IDS Bulletin: 49.2
Editors: Nelson, E., Bloom, G., and Shankland, A.
View/download this publication
Since the publication of the 2004 World Development Report, a range of different attempts have been made to make the design, prioritisation and delivery of health services more accountable to different stakeholders. However, complex politics and power dynamics can limit or skew people’s abilities to access services or hold them to account, particularly for poor and marginalized people.
In July 2017, the Institute of Development Studies (IDS) hosted a workshop in collaboration with Future Health Systems, the Impact Initiative, the Open Society Foundation, Unequal Voices, and Health Systems Global, to develop new thinking and practical approaches to improving accountability relationships and processes in favour of greater health equity.
Read the articles by ESRC-DFID researchers:
- Accountability and Generating Evidence for Global Health: Misoprostol in Nepal - Raj Sharma Jeevan, Rekha Khatri, Ian Harper
- Key Considerations for Accountability and Gender in Health Systems in Low- and Middle-Income Countries - Linda Waldman, Sally Theobald, Rosemary Morgan
- Reducing Health Inequalities in Brazil’s Universal Health-Care System: Accountability Politics in São Paulo – Vera Schattan Coelho
For the first time in IDS Bulletin history, themes are explored not only in text but also through multimedia contributions. This expansion into other forms of communication is explicitly aimed at galvanising larger numbers of people in a movement towards Universal Health Coverage (UHC) and the linked agenda of accountability for health equity. The content of this issue reflects the fact that while the desired outcome might be the same – better health for all – accountability strategies are as diverse as the contexts in which they have developed.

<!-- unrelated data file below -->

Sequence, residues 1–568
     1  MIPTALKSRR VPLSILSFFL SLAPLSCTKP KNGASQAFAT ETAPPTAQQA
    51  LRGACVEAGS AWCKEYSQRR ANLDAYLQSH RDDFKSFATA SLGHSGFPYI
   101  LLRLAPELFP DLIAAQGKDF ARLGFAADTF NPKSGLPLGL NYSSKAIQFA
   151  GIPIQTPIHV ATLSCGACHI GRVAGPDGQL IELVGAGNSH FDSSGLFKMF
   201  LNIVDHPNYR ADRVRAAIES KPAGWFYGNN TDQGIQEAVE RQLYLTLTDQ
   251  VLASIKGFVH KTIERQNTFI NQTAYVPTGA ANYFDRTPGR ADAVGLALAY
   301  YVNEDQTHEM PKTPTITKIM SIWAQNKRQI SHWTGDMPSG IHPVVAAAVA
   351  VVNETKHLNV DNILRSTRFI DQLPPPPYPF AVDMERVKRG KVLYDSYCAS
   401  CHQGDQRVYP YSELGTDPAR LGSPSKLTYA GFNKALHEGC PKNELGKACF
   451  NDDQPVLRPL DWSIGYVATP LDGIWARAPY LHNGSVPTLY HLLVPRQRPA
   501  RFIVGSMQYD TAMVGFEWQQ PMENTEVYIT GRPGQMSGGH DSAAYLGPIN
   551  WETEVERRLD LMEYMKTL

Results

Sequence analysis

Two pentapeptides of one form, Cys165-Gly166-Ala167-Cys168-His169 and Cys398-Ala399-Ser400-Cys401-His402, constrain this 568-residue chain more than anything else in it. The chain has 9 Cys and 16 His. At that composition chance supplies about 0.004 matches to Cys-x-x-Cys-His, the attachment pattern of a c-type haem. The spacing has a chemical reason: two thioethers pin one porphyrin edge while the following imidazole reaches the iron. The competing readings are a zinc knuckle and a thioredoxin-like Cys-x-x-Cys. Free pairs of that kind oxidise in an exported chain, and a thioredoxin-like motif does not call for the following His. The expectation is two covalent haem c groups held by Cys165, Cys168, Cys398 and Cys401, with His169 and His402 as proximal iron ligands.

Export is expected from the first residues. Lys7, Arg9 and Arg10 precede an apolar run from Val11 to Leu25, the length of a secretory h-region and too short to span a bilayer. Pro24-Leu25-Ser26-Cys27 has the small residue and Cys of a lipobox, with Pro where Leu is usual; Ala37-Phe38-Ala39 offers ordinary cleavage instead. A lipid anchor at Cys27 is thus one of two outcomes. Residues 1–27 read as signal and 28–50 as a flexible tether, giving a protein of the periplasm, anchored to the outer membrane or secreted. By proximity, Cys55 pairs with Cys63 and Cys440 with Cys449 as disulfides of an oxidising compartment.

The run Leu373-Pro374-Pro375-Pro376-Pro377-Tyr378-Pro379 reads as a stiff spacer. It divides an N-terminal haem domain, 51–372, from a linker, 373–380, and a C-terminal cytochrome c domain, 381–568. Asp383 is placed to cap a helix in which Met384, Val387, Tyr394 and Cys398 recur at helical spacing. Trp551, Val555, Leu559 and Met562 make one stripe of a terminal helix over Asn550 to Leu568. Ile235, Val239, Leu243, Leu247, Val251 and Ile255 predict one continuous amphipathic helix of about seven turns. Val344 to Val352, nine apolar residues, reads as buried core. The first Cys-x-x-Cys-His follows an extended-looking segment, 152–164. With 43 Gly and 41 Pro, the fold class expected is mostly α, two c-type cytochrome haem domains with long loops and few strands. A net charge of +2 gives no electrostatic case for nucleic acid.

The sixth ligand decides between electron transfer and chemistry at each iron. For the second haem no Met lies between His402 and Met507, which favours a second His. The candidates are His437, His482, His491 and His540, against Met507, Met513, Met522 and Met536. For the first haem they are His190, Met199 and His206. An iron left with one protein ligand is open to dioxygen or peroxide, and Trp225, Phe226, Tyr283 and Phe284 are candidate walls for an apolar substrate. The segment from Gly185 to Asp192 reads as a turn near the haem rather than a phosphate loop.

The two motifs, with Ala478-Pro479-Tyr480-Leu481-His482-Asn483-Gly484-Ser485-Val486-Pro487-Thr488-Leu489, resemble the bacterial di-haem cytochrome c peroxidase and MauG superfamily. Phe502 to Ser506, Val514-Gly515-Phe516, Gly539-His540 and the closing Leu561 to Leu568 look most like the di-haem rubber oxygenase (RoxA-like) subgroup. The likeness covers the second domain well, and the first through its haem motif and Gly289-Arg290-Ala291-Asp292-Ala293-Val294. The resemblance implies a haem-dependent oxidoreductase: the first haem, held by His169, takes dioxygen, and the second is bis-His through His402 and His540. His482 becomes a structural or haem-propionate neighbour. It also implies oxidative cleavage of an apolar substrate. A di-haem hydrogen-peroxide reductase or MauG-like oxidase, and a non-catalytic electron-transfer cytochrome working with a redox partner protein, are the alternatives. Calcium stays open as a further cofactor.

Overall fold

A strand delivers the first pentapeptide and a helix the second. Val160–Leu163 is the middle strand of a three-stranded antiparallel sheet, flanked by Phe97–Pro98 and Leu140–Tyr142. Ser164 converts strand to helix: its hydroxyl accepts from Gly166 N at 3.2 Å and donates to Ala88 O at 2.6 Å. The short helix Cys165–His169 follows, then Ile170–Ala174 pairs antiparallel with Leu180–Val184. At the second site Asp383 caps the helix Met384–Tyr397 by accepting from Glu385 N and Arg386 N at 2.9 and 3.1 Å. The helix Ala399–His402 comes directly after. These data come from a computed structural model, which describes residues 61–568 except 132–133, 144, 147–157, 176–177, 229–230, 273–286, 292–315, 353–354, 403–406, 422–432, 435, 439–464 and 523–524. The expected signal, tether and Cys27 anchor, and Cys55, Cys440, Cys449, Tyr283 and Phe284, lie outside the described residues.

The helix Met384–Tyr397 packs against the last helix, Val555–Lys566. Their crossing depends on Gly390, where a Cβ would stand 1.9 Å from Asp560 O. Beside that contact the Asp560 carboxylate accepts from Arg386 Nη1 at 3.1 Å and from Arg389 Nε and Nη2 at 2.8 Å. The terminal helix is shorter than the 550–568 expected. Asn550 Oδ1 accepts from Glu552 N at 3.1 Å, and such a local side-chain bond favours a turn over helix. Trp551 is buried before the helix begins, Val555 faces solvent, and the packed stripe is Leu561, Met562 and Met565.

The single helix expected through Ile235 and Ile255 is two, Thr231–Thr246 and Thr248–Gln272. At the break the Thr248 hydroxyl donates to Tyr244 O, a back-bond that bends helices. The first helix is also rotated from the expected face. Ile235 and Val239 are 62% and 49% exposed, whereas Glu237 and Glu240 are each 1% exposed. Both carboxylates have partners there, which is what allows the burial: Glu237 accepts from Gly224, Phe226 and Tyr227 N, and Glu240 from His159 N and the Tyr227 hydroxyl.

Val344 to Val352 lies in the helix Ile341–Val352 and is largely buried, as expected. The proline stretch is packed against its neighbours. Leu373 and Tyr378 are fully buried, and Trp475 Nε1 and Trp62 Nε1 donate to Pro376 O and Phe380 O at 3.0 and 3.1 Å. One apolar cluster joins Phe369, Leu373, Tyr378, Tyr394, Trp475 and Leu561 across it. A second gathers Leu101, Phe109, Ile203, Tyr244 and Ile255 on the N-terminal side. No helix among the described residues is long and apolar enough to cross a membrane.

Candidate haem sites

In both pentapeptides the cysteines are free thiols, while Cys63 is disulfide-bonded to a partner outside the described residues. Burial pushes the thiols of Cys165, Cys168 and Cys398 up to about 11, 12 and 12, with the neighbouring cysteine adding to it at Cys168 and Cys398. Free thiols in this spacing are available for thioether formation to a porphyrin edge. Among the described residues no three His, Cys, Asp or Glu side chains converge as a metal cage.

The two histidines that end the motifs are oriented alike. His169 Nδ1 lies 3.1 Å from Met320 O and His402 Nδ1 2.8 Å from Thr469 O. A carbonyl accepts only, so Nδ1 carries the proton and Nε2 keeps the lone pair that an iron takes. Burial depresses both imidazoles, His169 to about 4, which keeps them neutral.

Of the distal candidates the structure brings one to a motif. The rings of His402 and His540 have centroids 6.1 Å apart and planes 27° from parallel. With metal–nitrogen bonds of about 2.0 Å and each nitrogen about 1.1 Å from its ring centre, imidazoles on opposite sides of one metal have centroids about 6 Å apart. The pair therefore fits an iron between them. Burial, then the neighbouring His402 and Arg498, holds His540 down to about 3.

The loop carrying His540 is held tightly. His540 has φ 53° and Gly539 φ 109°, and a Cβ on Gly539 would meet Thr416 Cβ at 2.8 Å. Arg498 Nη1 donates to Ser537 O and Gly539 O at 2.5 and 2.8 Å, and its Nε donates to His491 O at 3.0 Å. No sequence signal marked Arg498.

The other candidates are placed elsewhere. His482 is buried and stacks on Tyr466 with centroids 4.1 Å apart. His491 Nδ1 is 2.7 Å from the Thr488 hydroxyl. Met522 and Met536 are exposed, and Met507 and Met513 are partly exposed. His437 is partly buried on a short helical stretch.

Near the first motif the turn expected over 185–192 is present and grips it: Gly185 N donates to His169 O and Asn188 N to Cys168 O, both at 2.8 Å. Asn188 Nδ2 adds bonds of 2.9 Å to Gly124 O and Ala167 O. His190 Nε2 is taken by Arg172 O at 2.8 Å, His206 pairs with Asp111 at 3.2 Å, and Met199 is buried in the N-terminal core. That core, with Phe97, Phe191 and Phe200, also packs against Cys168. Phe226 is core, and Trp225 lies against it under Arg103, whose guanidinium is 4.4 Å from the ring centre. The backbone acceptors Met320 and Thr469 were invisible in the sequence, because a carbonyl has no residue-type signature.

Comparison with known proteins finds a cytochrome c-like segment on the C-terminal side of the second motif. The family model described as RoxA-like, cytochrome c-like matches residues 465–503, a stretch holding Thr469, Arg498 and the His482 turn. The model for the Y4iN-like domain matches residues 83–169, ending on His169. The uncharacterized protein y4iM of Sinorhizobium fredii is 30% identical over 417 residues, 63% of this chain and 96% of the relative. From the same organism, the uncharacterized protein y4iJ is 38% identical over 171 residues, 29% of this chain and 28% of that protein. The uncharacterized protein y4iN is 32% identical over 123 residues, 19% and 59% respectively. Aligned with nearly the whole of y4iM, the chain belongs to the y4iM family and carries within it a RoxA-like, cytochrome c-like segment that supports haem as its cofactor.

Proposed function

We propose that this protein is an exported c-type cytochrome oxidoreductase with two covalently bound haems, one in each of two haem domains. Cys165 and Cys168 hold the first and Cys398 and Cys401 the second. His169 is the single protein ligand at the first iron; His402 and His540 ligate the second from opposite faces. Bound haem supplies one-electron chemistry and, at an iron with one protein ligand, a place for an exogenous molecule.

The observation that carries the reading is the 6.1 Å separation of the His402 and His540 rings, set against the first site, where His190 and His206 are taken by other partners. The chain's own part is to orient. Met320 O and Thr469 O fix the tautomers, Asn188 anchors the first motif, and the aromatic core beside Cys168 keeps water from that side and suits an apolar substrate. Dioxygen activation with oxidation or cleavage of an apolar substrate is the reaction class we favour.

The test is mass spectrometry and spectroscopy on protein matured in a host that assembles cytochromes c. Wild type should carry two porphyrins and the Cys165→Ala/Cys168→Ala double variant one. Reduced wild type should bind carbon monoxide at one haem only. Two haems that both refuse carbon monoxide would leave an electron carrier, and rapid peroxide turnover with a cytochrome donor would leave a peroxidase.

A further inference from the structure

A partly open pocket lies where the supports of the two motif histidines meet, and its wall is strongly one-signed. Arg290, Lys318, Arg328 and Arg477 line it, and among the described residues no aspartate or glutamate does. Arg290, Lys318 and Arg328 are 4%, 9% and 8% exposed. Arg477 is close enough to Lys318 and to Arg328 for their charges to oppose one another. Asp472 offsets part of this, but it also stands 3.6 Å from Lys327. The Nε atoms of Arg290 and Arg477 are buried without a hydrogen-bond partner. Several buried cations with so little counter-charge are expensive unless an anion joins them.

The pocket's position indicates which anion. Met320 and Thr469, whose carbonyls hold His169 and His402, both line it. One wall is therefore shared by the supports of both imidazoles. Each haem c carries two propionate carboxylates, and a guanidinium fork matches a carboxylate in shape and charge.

Denise Namburete, who leads the Mozambican study of the ESRC-DFID funded project Unequal Voices: The Politics of Accountability for Health Equity in Brazil and Mozambique, and Erica Nelson (IDS), made the following documentary:
Health inequities - that is, unfair and avoidable difference in health arising from social, economic or political factors, and which disadvantage the poor and marginalised - are trapping millions of people in poverty.
The objective of this study is to examine how the spread of the mass media, increased access to the internet and high levels of mobile phone use are changing the ways that poor people seek health-related information and advice. In order to pick up new patterns of behaviour with the potential to spread rapidly, we will study health information seeking behaviour in one relatively remote rural area, one rural area with good transport links to Dhaka and one slum in Dhaka.